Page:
EPA: Pa. plan to reduce Chesapeake Bay pollution ‘doesn’t meet the partnership targets’
The U.S. Environmental Protection Agency has rejected a third plan from Pennsylvania environmental officials aimed at reducing pollution in the Chesapeake Bay.
Pennsylvania’s third attempt at getting approval for a Watershed Improvement Plan, as part of an ongoing multi-state partnership to reduce pollution flowing into the Chesapeake Bay, has been rejected by federal environmental officials who said the plan did not “fully demonstrate” how the commonwealth will meet its 2025 bay restoration goals.
In a statement issued on Monday, the EPA said that Pennsylvania was still falling short of its target goals despite increased funding for pollution-reduction projects in the most recent state budget.
“Although Pennsylvania did provide additional details about new funding sources in the 2022-2023 commonwealth budget, plans for federal infrastructure funding, additional existing state programs that could result in reductions, and ongoing efforts to innovate BMP [best management practices] verification, tracking, and reporting between the draft and final amended Phase III WIPs, those changes did not result in any significant increase in proposed implementation,” the evaluation reads. “Pennsylvania has not provided a final plan that demonstrates a sufficient acceleration of implementation to meet its 2025 target.”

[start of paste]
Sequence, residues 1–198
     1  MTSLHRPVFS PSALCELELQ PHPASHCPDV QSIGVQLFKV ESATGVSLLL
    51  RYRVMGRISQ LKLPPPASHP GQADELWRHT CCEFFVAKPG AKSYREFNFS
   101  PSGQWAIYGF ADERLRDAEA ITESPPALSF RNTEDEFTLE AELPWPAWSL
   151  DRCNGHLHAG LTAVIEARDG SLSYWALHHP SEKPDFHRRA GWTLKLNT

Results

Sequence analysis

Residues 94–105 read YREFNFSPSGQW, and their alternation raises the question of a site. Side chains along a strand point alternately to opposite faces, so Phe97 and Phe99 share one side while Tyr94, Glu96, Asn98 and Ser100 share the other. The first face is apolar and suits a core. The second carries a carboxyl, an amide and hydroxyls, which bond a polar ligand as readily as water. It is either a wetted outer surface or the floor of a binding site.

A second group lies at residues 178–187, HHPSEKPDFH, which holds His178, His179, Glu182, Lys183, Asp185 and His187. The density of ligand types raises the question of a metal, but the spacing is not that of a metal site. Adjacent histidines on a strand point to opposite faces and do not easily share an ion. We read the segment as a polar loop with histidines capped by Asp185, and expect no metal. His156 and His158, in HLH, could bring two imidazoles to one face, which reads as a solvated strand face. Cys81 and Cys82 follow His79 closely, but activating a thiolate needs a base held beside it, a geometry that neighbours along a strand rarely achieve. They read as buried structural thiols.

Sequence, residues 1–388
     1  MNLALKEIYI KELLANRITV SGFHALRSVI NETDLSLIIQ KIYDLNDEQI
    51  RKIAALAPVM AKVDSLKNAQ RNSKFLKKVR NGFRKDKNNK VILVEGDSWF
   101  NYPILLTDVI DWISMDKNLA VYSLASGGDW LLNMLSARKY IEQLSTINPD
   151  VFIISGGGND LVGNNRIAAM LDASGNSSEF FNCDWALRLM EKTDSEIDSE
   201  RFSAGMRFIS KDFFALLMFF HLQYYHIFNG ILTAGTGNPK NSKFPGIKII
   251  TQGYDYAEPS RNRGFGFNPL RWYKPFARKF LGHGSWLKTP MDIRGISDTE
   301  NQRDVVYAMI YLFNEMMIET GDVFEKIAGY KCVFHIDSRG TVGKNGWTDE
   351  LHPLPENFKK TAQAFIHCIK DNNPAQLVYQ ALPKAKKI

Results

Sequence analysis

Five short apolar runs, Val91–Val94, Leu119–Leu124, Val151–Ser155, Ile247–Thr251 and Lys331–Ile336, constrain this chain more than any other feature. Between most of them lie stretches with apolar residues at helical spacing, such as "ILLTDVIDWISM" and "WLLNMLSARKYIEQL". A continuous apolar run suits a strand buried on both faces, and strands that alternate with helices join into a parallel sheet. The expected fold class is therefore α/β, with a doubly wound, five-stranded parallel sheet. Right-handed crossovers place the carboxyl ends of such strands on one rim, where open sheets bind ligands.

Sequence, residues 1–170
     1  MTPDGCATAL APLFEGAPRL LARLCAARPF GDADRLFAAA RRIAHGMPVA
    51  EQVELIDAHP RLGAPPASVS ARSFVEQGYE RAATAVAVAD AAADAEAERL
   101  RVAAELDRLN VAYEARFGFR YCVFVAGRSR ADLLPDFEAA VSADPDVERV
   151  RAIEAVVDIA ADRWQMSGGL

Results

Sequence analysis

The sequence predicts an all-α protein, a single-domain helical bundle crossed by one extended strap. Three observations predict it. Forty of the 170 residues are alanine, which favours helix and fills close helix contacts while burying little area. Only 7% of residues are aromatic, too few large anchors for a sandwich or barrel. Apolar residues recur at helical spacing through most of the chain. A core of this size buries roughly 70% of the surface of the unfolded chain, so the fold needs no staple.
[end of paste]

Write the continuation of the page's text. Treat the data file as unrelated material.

Pennsylvania still has a 9.3 million pound nitrogen gap to address, federal regulators said.
Pennsylvania’s failure to meet agreed-upon pollution-reduction targets outlined in the Chesapeake Clean Water Blueprint resulted in a 2020 lawsuit from other bay states, who argued that the EPA hadn’t done enough to ensure that the Keystone State kept its part of the bargain.
In a statement, Alison Prost, vice president for Environmental Protection and Restoration at the Chesapeake Bay Foundation, said the state’s “farmers and communities have demonstrated that they are willing to do what needs to be done if given the resources. This year, the Commonwealth stepped up its funding for agricultural conservation practices. While this wave of funding is an important first step, farmers and communities need certainty that funding will be available year after year.
“Unfortunately, Pennsylvania’s latest plan to clean up its rivers and streams is still lacking the creditable pollution-reduction strategies and sustained funding needed to put those strategies in place,” Prost continued. “And while we appreciate EPA’s reinvigorated commitment to the partnership by way of oversight and assistance, that alone will not be sufficient to get Pennsylvania across the finish line.
“Along with assistance must come accountability. EPA’s failure to adequately hold Pennsylvania accountable is why CBF, Delaware, Maryland, Virginia, and the District of Columbia are suing EPA. We remain hopeful that negotiations, in that case, will result in the necessary actions and sustained funding needed to restore clean water, improve local economies, and preserve Pennsylvania’s way of life,” Prost concluded.